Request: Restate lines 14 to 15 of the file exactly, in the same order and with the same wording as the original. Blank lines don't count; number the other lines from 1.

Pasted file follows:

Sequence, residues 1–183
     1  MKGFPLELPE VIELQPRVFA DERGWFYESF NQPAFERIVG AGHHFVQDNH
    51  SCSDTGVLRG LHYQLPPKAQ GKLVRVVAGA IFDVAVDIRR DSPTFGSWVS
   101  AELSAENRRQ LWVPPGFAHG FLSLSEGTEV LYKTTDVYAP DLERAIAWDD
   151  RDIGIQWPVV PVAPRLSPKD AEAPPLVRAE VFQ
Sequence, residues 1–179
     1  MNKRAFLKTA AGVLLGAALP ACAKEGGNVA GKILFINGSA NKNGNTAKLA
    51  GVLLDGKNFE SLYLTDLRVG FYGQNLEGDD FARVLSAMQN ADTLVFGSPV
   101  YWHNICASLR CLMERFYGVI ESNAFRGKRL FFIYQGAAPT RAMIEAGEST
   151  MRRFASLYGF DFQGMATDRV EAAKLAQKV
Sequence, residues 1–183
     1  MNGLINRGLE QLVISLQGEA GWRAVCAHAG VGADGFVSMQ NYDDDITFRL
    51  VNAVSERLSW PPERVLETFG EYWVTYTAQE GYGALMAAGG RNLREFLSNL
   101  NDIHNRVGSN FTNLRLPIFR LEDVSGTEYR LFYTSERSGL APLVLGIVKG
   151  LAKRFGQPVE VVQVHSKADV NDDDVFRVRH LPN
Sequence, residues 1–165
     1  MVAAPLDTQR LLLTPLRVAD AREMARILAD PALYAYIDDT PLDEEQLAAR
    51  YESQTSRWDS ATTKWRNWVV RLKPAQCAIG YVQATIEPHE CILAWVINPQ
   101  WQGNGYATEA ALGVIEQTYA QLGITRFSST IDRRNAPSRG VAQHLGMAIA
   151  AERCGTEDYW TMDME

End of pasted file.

   101  NDIHNRVGSN FTNLRLPIFR LEDVSGTEYR LFYTSERSGL APLVLGIVKG
   151  LAKRFGQPVE VVQVHSKADV NDDDVFRVRH LPN